PCs lead voter preference in Ontario

| Filed under: Ontario

PCs lead voter preference in Ontario

Small PC majority if election held today

TORONTO November 5th, 2015 - In a random sampling of public opinion taken by the Forum Poll™ among 1158 Ontario voters, well more than one third would support the Progressive Conservatives if an election were held today (36%), while just 3-in-10 would vote Liberal (30%). Just more than a quarter will vote NDP (26%). Few will vote Green (6%) or for any other party (1%).

This represents stasis for the PCs , who had the same share of the vote the last time we polled (August 11 - 35%). However, the Liberals (26% in August) have increased their share at the expense of the NDP (33% in August).

The PC vote is common to the oldest (43%), males (46%) rather than females (28%), in Eastern (39%), Southwestern Ontario (41%) and the 905 ring of ridings around Toronto (40%), as well as among those with some college (43%). The Liberal vote is characteristic of females (35%), the less wealthy (38%), in the Toronto 416 area code (36%), among mothers with children under 18 (37%) and among the best educated (post grad - 37%). The NDP vote is common to the youngest (37%), females (30%), the least wealthy (less than $20K - 33%), in Northern Ontario (31%) and among mothers of children (30%).

Of note, more than a fifth of those who voted Liberal in the last election in June, 2014, will vote NDP if the election were held today (21%). A similar proportion of those who voted NDP then will vote Liberal now (19%).

Slim PC majority seen

If these results are projected up to seats in the Legislature, the PCs would capture 54, exactly the number needed for a majority. The NDP would form the opposition with 34 seats and the Liberals, because of their concentrated support in Toronto, would take just 19 seats in the 107 seat Legislature. Oddly, this is exactly the same seat distribution which was projected in August when we polled last.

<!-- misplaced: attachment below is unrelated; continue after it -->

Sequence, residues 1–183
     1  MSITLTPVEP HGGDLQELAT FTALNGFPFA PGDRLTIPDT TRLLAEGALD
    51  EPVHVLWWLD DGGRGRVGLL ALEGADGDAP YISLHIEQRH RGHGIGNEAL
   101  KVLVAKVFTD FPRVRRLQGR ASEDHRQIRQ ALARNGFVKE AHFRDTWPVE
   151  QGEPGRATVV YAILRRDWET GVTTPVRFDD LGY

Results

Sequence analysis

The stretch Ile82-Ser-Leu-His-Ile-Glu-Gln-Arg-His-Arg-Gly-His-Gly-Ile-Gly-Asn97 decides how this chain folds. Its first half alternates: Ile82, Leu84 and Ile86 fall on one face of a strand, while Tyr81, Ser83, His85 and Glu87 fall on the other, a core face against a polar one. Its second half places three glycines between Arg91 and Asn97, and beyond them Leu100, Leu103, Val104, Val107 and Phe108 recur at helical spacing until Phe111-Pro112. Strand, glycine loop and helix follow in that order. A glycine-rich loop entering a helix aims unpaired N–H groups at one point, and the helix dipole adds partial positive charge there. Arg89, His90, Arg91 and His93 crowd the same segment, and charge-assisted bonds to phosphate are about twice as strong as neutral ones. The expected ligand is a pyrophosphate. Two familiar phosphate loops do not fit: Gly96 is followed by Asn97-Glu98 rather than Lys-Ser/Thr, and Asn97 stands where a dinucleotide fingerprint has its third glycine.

PCs, Liberals strong partisans; NDP less so

Two thirds of PC voters and Liberals are especially likely to say they are strong supporters of their party (65% and 66%, respectively), while just one half of those intending to vote NDP say they are strong party supporters (49%). This indicates that half the NDP vote is soft, and is likely parked by Liberals.

Wynne’s favourables down sharply, Brown’s and Horwath’s up

Just more than one fifth of Ontario voters approve of Kathleen Wynne (21%) and this is the lowest score we have recorded since she became Premier. Her net favourable score (approve minus disapprove) is a truly abysmal -47. Patrick Brown’s approval is up (from 21% to 27%) since August, and his net score is up from a mildly negative -9 to a neutral 0. Andrea Horwath has seen her approval increase from close to 4-in-10 (38%) to more than that (41%) now, and her net score has also increased since August (from +5 to +11).

Patrick Brown seen to be best Premier; Horwath, Wynne tied for second

Voters see Patrick Brown making the best Premier (24%), followed very closely by Andrea Horwath (20%) and Kathleen Wynne (19%). However, an equal proportion say none of these three are the best for the job (22%). These are very similar findings to those noted in August (Brown - 23%, Wynne - 22%, Horwath - 20%, none - 19%).

“The decline in popularity for Kathleen Wynne’s Liberal government now appears to be a lasting phenomenon, not a bump in the road. These are rather drastic swings in voter approval we see, even if the Liberals appear to be doing better now than this summer. Because of the concentration of Liberal support in the Toronto 416 area code, it makes it harder for them to win seats elsewhere," said Forum Research President, Dr. Lorne Bozinoff.

Lorne Bozinoff, Ph.D. is the president and founder of Forum Research. He can be reached at lbozinoff@forumresearch.com or at (416) 960-9603.